Approximately half of EGFR-mutant non–small cell lung cancer (NSCLC) patients treated with small-molecule EGFR kinase inhibitors develop drug resistance associated with the EGF receptor (EGFR) T790M “gatekeeper” substitution, prompting efforts to develop covalent EGFR inhibitors, which can effectively suppress EGFR T790M in preclinical models. However, these inhibitors have yet to prove clinically efficacious, and their toxicity in skin, reflecting activity against wild-type EGFR, may limit dosing required to effectively suppress EGFR T790M in vivo. While profiling sensitivity to various kinase inhibitors across a large cancer cell line panel, we identified indolocarbazole compounds, including a clinically well-tolerated FLT3 inhibitor, as potent and reversible inhibitors of EGFR T790M that spare wild-type EGFR. These findings show the use of broad cancer cell profiling of kinase inhibitor efficacy to identify unanticipated novel applications, and they identify indolocarbazole compounds as potentially effective EGFR inhibitors in the context of T790M-mediated drug resistance in NSCLC.
Significance: EGFR-mutant lung cancer patients who respond to currently used EGFR kinase inhibitors invariably develop drug resistance, which is associated with the EGFR T790M resistance mutation in about half these cases. We unexpectedly identified a class of reversible potent inhibitors of EGFR T790M that do not inhibit wild-type EGFR, revealing a promising therapeutic strategy to overcome T790M-associated drug-resistant lung cancers. Cancer Discov; 3(2); 168–81. ©2012 AACR.
See related commentary by Brewer and Pao, p. 138
This article is highlighted in the In This Issue feature, p. 125
“Oncogene-addicted” cancers define a clinical context in which rationally targeted drug therapies have been somewhat successful. In many cases, these cancers are defined by the presence of mutationally activated tyrosine kinases, such as BCR–ABL, c-KIT, HER2, and EGF receptor (EGFR; ref. 1). Consequently, intense efforts have been focused on tyrosine kinase inhibitors (TKI) as promising molecularly targeted therapies for genotype-defined subsets of cancers (1–4). In approximately 10% to 20% of non–small cell lung cancers (NSCLC), somatic-activating alleles affecting the catalytic kinase domain of EGFR have been well correlated with the clinical response to the small-molecule EGFR kinase inhibitors gefitinib and erlotinib (5, 6). In the adenocarcinoma subtype of NSCLC, nearly 90% of these mutations are the missense mutation L858R or in-frame small deletions affecting exon 19. Both of these mutations have been shown to promote the activation of EGFR signaling and a state of EGFR dependency (7, 8).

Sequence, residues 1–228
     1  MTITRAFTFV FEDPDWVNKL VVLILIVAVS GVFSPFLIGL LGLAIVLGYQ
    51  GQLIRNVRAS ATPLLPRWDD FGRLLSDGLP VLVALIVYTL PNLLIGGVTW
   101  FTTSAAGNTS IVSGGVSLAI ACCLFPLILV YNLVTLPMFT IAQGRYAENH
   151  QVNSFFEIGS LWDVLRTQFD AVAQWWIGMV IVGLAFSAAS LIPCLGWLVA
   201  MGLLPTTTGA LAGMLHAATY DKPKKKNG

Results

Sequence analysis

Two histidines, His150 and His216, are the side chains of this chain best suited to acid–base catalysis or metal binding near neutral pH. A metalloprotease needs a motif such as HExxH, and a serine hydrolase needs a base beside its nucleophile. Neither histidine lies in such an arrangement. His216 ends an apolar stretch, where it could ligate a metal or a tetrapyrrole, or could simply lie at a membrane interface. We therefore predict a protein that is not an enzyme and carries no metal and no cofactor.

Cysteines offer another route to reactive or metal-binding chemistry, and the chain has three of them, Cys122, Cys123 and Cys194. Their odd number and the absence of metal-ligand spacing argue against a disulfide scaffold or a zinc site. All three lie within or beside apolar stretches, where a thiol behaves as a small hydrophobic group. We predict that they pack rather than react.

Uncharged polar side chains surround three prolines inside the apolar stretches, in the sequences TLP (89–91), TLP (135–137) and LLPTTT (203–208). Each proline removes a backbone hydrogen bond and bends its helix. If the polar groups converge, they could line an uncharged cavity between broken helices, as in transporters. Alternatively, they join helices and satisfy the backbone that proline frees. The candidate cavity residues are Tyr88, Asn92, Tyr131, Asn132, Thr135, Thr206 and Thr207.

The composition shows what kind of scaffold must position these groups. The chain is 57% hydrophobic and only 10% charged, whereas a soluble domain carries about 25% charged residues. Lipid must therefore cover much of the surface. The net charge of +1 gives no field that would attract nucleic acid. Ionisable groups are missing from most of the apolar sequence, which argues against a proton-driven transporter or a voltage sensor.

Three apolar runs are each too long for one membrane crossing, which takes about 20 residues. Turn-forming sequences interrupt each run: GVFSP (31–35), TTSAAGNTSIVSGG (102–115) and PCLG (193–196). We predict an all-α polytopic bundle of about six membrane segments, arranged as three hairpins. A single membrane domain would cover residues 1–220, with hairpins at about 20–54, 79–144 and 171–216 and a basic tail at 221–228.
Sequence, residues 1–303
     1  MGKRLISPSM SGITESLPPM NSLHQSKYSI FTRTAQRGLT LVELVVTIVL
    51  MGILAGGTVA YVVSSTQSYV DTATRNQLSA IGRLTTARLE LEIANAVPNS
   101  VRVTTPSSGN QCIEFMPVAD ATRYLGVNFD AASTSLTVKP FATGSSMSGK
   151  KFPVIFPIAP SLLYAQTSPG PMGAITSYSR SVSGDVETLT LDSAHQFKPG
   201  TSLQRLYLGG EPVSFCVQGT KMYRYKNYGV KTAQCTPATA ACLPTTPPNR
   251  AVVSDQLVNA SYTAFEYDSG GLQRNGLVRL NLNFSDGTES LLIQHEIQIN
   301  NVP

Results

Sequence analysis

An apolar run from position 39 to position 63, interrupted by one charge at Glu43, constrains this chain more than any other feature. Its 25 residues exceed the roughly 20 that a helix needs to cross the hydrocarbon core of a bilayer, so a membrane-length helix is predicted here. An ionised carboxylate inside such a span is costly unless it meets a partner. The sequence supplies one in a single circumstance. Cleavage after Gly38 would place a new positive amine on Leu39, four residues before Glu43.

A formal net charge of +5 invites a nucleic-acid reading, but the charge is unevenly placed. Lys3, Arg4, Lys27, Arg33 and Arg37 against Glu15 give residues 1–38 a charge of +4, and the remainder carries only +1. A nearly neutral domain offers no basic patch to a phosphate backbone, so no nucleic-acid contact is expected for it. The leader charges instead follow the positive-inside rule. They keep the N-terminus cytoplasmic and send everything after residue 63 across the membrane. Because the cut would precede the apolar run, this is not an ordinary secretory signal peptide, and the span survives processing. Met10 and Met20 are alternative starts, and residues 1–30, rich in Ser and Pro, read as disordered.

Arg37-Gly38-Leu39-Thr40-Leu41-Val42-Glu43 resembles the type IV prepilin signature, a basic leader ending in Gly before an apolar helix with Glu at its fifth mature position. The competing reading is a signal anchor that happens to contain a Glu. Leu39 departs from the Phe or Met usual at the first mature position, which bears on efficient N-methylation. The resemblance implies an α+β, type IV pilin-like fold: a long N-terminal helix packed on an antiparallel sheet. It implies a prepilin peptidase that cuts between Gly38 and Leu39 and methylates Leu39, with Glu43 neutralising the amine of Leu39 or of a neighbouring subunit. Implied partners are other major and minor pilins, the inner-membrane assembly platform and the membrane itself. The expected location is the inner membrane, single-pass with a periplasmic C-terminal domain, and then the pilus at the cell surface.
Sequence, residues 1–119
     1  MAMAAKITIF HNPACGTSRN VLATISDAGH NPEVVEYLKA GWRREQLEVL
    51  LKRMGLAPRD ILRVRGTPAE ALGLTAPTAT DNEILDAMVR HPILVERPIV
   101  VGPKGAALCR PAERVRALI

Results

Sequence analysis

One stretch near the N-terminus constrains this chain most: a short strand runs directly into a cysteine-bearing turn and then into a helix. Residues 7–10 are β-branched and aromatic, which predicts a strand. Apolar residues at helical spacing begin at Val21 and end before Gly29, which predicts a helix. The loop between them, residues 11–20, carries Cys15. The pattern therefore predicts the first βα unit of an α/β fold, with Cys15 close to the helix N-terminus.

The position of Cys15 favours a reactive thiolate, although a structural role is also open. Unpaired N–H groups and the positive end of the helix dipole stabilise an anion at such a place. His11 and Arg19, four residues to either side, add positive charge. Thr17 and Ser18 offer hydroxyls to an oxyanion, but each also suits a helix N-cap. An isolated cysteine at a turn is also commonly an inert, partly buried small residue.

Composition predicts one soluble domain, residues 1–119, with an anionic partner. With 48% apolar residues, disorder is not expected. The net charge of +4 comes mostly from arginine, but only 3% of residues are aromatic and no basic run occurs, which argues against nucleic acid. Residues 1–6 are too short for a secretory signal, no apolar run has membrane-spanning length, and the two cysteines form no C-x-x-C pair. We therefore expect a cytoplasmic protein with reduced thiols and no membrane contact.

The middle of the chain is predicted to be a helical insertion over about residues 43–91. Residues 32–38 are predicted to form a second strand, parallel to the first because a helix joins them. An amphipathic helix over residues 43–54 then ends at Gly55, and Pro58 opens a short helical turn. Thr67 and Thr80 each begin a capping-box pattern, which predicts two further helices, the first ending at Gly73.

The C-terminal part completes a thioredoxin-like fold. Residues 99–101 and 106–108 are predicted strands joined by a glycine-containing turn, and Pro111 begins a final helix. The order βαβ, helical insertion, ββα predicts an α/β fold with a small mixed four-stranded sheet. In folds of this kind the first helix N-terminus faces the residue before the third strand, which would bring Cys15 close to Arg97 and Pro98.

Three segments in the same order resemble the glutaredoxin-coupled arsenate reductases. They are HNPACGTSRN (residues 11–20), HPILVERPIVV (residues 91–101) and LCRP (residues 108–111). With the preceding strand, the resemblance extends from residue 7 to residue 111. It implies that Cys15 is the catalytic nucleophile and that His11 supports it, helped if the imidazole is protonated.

Despite the dramatic clinical responses to gefitinib and erlotinib that have been observed in some advanced NSCLCs, treated patients invariably develop acquired resistance to these drugs, typically around 1 year after the initiation of treatment (9). Approximately 50% of patients, who initially responded to EGFR TKI therapy and subsequently develop drug resistance have acquired, within their tumors, a secondary mutation within the EGFR kinase domain, a substitution of methionine for threonine at position 790 (T790M; refs. 10, 11). In vitro studies have shown that this mutation renders EGFR TKI refractory while preserving catalytic function in the presence of gefitinib or erlotinib.
Two potential mechanisms by which the EGFR T790M mutation confers drug resistance have been proposed. Several groups have focused on the “gatekeeper model,” which was originally described in the context of the analogous T315I mutation of the BCR–ABL fusion kinase associated with acquired drug resistance in chronic myelogenous leukemia patients treated with the ABL TKIs imatinib and dasatinib (12). Similarly, substitution with the bulkier methionine in EGFR T790M mutants causes a steric hindrance, thus preventing drug binding by EGFR inhibitors (10, 11, 13). A more recent report proposed another mechanism in which the T790M substitution increases the binding affinity of EGFR for ATP, resulting in reduced cellular potency of reversible EGFR TKIs (14). Although the specific resistance mechanisms associated with the T790M substitution remain controversial, relapsed NSCLCs with acquired T790M mutations seem to remain dependent on EGFR signaling for their growth, prompting substantial efforts to discover second-generation EGFR inhibitors that can overcome the effects of the T790M substitution.
Several second-generation EGFR kinase inhibitors that covalently bind to a cysteine residue within the EGFR catalytic domain (Cys 797) have shown preclinical therapeutic potential for overcoming EGFR T790M through increased occupancy of the ATP binding site (13, 15, 16). However, all of these irreversible inhibitors currently undergoing clinical testing, such as BIBW2992, PF00299804, and HKI-272, have thus far shown limited clinical efficacy, possibly because of their potency against wild-type EGFR, leading to skin rash and gastrointestinal toxicity, which has limited their maximal dosing to levels less than those that may be required to achieve drug exposure sufficient to overcome the EGFR T790M mutation (17, 18). An encouraging recent study, however, showed a preclinical irreversible pyrimidine-based mutant-selective EGFR inhibitor with greater potency against EGFR T790M than current clinical quinazoline-based irreversible inhibitors (19).